Document Detail

Infant feeding and obesity risk in the child.
MedLine Citation:
PMID:  22946146     Owner:  NLM     Status:  In-Process    
Early nutrition in infancy may influence later child health outcomes including overweight through 'programming'. Systematic reviews suggest that breastfeeding is associated with a modest reduction in the risk of later overweight and obesity. This commentary explores some of these mechanisms behind this association. Generally breastfed infants are leaner than artificially (formula)-fed infants and behavioural and hormonal mechanisms may explain this difference. The theory is that a high nutrient diet in infancy adversely programs the principal components of the metabolic syndrome in the child (body mass index, blood pressure and blood lipids) by promoting growth acceleration, whereas slower growth benefits later cardiovascular disease and its risk factors. Artificial-feeding stimulates a higher postnatal growth velocity with the adiposity rebound occurring earlier in those children who have greater fatness later, whereas breastfeeding has been shown to promote slower growth. The adverse long-term effects of early growth acceleration emerge as fundamental in later overweight and obesity. The higher protein content of artificial baby milk compared to the lower protein content in breastmilk is responsible for the increased growth rate and adiposity during the influential period of infancy of formula-fed infants. Breastfeeding, on the other hand, has a protective effect on child overweight and obesity by inducing lower plasma insulin levels, thereby decreasing fat storage and preventing excessive early adipocyte development. Plausible biological mechanisms underlying the protective effect of breastfeeding against obesity are based on the unique composition of human milk and the metabolic and physiological responses to human milk.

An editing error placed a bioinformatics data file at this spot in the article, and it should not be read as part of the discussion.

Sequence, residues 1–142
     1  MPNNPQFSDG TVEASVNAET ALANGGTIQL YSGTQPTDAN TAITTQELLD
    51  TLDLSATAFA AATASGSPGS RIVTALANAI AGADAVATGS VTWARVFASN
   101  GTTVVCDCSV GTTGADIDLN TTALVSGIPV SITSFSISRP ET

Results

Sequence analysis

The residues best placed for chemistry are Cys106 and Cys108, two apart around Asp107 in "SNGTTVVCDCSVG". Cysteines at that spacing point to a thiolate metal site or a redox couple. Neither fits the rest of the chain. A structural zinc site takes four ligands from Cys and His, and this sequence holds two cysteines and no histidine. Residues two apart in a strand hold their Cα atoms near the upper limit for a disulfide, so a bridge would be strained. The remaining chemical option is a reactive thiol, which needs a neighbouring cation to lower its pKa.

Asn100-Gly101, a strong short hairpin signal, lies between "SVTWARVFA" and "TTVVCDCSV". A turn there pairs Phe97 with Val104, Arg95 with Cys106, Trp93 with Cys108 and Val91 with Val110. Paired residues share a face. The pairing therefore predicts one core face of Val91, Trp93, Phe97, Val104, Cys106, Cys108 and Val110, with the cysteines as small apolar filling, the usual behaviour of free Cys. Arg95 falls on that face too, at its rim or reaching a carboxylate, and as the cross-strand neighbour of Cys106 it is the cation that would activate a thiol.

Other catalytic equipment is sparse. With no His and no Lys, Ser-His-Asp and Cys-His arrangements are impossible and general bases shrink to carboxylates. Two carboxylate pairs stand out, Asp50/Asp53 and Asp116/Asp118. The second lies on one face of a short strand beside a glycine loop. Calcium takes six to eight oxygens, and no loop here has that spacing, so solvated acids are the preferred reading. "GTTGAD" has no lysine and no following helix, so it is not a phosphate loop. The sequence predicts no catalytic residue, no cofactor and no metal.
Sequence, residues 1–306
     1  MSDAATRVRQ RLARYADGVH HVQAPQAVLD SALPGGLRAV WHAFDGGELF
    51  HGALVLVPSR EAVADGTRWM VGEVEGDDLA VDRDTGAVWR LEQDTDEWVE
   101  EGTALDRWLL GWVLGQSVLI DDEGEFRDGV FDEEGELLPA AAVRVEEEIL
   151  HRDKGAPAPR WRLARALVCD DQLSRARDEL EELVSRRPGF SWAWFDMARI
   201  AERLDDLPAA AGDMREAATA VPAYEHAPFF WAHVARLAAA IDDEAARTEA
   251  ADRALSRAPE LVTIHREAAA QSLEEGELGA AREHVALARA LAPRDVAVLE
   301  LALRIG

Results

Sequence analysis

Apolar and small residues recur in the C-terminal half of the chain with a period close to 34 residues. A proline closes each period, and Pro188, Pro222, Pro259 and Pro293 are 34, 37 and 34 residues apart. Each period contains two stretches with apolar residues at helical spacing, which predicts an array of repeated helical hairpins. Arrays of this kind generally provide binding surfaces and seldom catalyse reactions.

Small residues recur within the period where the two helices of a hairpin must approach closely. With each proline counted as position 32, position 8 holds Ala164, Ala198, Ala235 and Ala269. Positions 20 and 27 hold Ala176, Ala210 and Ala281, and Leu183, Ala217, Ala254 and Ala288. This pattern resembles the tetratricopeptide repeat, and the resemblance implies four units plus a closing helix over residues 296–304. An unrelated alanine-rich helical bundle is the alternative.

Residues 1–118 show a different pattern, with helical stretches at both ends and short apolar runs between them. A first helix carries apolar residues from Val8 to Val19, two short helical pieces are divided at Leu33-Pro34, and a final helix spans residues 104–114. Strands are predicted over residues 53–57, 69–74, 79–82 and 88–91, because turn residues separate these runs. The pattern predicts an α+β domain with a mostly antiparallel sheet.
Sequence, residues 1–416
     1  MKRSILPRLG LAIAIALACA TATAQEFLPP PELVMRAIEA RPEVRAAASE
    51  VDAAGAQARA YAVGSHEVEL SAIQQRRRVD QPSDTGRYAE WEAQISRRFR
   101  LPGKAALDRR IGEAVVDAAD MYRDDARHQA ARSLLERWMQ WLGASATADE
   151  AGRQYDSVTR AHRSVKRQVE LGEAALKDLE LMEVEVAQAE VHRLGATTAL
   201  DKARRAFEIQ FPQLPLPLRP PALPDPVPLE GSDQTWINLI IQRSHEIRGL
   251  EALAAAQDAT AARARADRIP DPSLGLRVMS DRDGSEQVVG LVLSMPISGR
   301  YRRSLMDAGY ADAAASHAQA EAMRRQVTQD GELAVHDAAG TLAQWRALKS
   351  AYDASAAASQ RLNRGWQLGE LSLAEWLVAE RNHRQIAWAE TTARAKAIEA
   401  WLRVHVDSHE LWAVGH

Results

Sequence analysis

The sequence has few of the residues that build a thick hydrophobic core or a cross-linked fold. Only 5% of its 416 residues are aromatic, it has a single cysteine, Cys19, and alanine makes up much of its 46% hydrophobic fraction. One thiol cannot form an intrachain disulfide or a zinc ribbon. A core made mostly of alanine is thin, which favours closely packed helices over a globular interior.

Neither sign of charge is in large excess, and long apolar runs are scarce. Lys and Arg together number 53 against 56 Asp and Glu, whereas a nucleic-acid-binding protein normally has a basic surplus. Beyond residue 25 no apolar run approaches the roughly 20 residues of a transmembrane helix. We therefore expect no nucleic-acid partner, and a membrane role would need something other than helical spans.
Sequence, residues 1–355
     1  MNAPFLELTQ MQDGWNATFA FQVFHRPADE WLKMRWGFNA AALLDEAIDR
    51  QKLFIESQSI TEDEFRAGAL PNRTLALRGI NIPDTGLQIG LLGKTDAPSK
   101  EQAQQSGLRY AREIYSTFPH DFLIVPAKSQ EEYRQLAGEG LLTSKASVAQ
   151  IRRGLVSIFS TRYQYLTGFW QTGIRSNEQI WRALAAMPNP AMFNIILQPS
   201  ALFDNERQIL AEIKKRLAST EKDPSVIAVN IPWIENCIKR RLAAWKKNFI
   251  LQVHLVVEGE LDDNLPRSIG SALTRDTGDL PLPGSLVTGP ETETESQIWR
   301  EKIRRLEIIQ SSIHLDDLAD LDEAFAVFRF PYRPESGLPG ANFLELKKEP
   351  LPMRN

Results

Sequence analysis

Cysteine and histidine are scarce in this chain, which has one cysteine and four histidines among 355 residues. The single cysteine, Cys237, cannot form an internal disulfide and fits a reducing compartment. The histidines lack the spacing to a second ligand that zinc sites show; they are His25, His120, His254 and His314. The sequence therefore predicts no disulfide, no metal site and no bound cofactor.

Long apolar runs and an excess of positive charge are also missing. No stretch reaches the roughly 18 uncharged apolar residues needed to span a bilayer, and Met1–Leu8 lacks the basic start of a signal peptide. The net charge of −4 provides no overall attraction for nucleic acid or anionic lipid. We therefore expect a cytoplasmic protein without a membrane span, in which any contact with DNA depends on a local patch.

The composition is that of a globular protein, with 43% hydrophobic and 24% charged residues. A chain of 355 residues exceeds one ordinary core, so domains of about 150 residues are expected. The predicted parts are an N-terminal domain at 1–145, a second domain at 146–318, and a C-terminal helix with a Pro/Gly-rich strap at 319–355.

Wendy H Oddy
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Publication Detail:
Type:  Journal Article    
Journal Detail:
Title:  Breastfeeding review : professional publication of the Nursing Mothers' Association of Australia     Volume:  20     ISSN:  0729-2759     ISO Abbreviation:  Breastfeed Rev     Publication Date:  2012 Jul 
Date Detail:
Created Date:  2012-09-05     Completed Date:  -     Revised Date:  -    
Medline Journal Info:
Nlm Unique ID:  9616903     Medline TA:  Breastfeed Rev     Country:  Australia    
Other Details:
Languages:  eng     Pagination:  7-12     Citation Subset:  K    
Telethon Institute for Child Health Research, Centre for Child Health Research, The University of Western Australia Perth, Western Australia, Australia.
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